When you hear the phrase “Burned at the stake” what leaps to mind? Well, I can tell you that entering it as a search term on Google will result in the several pages of references to the Catholic Church, heresy and, top of the pops, the Spanish Inquisition.
There are a few about Joan of Arc and a couple more about witches but they all seem to tie back to the innate inability of anyone ecclesiastical to restrain themselves from stacking wood around the feet of, preferably, diaphanously gowned damsels or heroes of the protestant reformation and gleefully apply a burning torch to the whole thing. Followed by cries of “Burn Heretic”, cackles of heartless laughter, smug self congratulation and pass the marshmallows complete the picture.
And I ain’t gonna say these things didn’t happen. Of course they did (with the exception of marshmallows, of course) and, trust me, no one wishes it was not the case more than the vast majority of Catholics living today. But burning was not, as is commonly believed, a sentence handed down exclusively by the Catholic church.
Burning at the stake, dismemberment on a gibbet, breaking on a wheel, flaying alive and many, many way gruesome methods of dispatching a little mediaeval justice were commonly practised by the civil authorities without any interference by bloodthirsty Dominicans or other heartless clerics.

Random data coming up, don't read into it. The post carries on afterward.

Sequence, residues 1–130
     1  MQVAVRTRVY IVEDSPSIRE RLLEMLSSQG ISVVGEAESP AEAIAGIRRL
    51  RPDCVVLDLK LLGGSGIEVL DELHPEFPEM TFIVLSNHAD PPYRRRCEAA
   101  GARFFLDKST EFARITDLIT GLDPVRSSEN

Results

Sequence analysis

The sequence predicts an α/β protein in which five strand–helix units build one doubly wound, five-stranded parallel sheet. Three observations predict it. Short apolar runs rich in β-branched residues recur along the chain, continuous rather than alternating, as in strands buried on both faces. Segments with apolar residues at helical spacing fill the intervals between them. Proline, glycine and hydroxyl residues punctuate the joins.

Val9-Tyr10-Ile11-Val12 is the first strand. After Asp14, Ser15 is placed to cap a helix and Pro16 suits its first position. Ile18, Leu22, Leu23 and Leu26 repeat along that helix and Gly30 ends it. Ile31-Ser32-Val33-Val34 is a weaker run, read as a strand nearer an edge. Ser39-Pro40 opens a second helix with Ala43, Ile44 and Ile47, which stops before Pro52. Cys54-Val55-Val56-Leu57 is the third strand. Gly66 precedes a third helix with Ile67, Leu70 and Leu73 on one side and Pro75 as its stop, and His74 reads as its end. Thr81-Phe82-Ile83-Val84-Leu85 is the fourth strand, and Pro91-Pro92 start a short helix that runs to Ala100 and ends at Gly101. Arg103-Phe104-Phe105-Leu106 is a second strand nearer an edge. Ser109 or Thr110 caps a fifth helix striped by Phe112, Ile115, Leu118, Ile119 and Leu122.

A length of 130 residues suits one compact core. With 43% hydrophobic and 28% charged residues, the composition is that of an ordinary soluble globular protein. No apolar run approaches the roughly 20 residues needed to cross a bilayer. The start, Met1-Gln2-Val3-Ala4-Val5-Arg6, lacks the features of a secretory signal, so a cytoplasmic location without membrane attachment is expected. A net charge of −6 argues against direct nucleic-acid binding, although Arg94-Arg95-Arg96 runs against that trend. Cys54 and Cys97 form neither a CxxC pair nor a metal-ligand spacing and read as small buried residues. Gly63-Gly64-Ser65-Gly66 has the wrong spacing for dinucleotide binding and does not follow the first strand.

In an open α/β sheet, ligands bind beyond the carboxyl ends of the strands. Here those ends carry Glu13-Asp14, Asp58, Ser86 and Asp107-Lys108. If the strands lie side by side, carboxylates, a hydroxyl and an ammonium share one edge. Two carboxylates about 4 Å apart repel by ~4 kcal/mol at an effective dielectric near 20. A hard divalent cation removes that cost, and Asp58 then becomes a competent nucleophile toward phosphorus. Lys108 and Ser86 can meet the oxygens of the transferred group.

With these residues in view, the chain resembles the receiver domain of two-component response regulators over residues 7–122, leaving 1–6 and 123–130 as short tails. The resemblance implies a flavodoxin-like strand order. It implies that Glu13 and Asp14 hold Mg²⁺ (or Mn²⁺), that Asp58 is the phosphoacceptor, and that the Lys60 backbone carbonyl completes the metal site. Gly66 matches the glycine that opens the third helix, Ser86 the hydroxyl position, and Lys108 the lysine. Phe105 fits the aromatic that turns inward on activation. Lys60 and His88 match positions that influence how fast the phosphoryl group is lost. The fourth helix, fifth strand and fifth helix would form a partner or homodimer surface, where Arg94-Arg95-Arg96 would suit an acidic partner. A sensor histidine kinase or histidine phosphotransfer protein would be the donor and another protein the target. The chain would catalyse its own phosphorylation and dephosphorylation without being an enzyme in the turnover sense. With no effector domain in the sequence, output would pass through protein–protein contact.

For example, in England, a woman caught performing an act considered a threat to the state or the crown (almost always the same thing) could expect to be made an example to others by public burning. The most common act of treason that would land you in the fire? Coin Clipping.
The 2 wives of Henry VIII put aside for adultery were originally sentenced to be burnt because treason has many definitions. A little wandering outside the bounds of one’s matrimonial vows, if said vows be made to the monarch, was treason. The monarch, however, was permitted to frolic far and wide beyond the self-same boundaries without fear of much repercussion. Such is the privilege of divine anointment.
It was only because Henry harboured nuggets of sentiment towards ex-consorts Anne Boleyn and Catherine Howard that he granted them the mercy of losing their heads…pemanently. Divorce was not an option in their case. A certain tragic irony for Anne, I think.
What happened to men convicted of the same things, i.e. treason, coin clipping or debauching the royal consort? They were sentenced to be drawn, hanged and quartered.
Quick side note, being drawn did not refer to the delightful practise of gutting the condemned and burning said entrails in front of him before removing his head. It referred to being drawn upon a sled or hurdle from the prison to place of execution.